School is out for summer, but learning happens year round, especially in early childhood. More than 90% of brain development takes place in the first five years of life, according to the Centers for Disease Control and Prevention. Developing key skills, including logic and abstract thinking, continue into adolescence, but summer learning loss is a major concern for children of all ages.
Known as “the summer slide,” the tendency to forget grade-level material during time away from school equates to losing approximately one month’s worth of school year learning, reports The Brookings Institution in a review of related data.
Learning outside the classroom through hands-on play is an excellent way to reinforce learning concepts. Summer reading programs are often the hallmark of reward-based learning this time of year but practicing early numeracy skills is just as important as those defining literacy experiences. Find additional tips to prevent the summer slide.
Reading together is an obvious choice for reinforcing ABCs, but 1-2-3s may be more challenging.
Knowing how to get started with early numeracy skills is key for parents and caregivers. Although science, technology, engineering, art and math (STEAM) camps and kits abound, simple activities can serve a similar purpose. If you are looking for materials, including age-appropriate toys and games, check out Rainbow Fleet’s Resource Center. A $40 membership gives parents and child care providers access to items that can be checked out and returned for a new assortment all year long to beat summer boredom and beyond.
Rainbow Fleet CEO Carri Hicks has been an elementary school teacher since 2007. Although her point of view is now overseeing early education classrooms at Rainbow Fleet Early Education Center, that perspective has informed her ability to evaluate what’s working in early childhood and offer suggestions. A parent of three, she also knows firsthand how suggested activities are more likely to be successful when they are fun and easy to implement.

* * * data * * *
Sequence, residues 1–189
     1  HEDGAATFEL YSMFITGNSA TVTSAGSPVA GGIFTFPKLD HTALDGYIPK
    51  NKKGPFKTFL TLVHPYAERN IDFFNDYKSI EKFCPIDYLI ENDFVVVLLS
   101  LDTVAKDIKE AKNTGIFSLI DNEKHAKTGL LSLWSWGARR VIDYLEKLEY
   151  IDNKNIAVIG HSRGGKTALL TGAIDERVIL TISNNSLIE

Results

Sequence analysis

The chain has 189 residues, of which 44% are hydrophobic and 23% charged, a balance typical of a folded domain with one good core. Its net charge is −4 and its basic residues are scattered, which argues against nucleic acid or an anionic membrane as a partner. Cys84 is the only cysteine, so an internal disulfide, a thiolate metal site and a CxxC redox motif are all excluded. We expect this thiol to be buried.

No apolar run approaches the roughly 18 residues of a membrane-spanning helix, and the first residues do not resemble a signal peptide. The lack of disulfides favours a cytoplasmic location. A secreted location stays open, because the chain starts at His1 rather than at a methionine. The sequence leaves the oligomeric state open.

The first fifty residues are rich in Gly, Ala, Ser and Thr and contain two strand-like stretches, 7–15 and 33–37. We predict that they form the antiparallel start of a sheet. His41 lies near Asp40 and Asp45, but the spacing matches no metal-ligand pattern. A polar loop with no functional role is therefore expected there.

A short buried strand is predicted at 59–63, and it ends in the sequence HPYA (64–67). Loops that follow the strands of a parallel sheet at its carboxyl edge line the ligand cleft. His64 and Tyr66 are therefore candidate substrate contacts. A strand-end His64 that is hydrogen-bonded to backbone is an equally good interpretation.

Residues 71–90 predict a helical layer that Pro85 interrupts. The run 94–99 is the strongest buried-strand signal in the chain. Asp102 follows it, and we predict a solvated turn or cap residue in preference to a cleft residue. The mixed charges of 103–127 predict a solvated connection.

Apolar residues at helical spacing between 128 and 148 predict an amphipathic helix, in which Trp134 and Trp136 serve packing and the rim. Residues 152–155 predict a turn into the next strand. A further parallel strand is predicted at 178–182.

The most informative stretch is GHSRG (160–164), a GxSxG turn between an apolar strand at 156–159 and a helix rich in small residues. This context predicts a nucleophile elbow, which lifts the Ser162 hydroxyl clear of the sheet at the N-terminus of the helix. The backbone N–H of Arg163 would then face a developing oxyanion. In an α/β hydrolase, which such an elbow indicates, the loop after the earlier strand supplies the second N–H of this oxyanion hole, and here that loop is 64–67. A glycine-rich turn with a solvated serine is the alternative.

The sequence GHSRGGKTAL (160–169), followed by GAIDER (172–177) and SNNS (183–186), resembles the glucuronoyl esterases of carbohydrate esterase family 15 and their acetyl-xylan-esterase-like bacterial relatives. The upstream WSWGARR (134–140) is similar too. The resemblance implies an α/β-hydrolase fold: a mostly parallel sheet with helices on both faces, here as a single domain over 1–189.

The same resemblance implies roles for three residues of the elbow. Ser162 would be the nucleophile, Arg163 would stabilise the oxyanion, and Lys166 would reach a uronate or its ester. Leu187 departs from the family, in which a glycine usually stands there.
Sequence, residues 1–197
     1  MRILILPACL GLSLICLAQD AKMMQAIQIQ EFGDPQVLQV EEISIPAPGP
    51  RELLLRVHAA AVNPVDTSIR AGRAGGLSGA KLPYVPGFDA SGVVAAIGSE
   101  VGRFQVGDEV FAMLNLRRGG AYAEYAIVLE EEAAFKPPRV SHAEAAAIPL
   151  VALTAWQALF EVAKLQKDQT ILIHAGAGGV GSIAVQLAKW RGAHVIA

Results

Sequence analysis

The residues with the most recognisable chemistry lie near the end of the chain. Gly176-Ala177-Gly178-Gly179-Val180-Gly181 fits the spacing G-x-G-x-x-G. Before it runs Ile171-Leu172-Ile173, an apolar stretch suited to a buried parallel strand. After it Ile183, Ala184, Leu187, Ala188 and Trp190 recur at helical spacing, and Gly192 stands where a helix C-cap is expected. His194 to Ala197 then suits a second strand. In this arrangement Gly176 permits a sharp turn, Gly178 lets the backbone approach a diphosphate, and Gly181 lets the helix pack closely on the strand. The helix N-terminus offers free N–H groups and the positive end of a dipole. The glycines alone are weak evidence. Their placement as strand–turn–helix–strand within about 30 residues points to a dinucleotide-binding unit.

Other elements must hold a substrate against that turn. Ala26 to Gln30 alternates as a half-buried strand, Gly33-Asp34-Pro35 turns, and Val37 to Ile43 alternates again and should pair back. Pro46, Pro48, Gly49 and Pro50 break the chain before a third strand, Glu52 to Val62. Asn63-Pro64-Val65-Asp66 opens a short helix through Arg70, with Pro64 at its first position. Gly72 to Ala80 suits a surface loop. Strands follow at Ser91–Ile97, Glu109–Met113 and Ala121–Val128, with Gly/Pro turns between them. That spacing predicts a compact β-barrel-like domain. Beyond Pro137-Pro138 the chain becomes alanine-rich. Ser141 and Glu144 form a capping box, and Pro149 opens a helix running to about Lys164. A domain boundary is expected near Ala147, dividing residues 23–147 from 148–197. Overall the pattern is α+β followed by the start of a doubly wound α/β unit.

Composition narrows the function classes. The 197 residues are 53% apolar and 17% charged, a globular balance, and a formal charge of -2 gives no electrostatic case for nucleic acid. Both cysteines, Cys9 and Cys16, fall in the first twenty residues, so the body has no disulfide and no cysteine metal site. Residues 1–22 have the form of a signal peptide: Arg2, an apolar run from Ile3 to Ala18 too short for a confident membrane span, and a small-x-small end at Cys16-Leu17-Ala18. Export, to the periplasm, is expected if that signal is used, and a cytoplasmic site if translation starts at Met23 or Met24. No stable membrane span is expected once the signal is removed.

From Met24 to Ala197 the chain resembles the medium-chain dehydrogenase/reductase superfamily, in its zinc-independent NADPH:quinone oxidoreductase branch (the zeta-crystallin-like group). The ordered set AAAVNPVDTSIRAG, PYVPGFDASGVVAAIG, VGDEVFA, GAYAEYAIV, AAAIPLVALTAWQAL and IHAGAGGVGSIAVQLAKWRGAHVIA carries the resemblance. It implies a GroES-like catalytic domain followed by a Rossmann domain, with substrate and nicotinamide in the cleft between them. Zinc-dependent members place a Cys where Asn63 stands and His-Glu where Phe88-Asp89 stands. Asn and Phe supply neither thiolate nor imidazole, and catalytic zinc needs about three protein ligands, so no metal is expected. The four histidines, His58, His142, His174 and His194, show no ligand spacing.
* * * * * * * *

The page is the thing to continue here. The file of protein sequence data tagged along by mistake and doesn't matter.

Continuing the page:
Five teacher (and mom)-approved suggestions for teaching early numeracy:
Host sidewalk chalk math sessions: Trace numbers with sidewalk chalk. Start a pattern and encourage children to fill in the blanks with missing numbers, counting by twos, fives or 10s.
Try hopscotch arithmetic: Trace a hopscotch grid but leave the numbers blank. Play jacks and/or use dice to allow children to fill in the blanks on the grid by hopping to the number indicated. Addition and subtraction take on a visual element through kinesthetic play, especially when writing skills are also involved.
Trace shapes: The ability to visualize and identify shapes lays a foundation for geometry, depth perception and even driving skills later in life. Trace shapes in shaving cream or sugar free whipped topping for less of a sticky mess. Keep it contained by using baking sheets or a hosable picnic table for outdoor use. A stick and sandbox may work better for older children.
Cook together: Life skills happen one experience at a time and using the five senses, including taste, helps students find real world applications for what they learn throughout the school year. Make a favorite seasonal treat by learning how to read a recipe, writing a shopping list and understanding how price per ounce works, where quantities are cheaper, etc. Talk through measures, freezing or baking temperatures and more.
Host a lemonade stand: Implement a business idea you can fully customize to teach the level of math desired, from lessons on building and planning to counting back change. A lemonade stand is ideal for sibling or child care groups with varied ages, as a task is available for everyone. Middle schoolers can make calls to your city council to find out if a permit is required, plan ahead for materials purchases and design signage. Elementary ages might calculate supply purchases, learn about cooking measurements or count back change. Supervision is key but running perhaps the smallest of small businesses can be a memorable learning experience.
Keep young minds learning one day at a time this summer. Make the most of the break by enjoying extra time together, with math, reading and all the best lessons subtly taught and enjoyed by the whole family. Get early literacy ideas with our tips, too.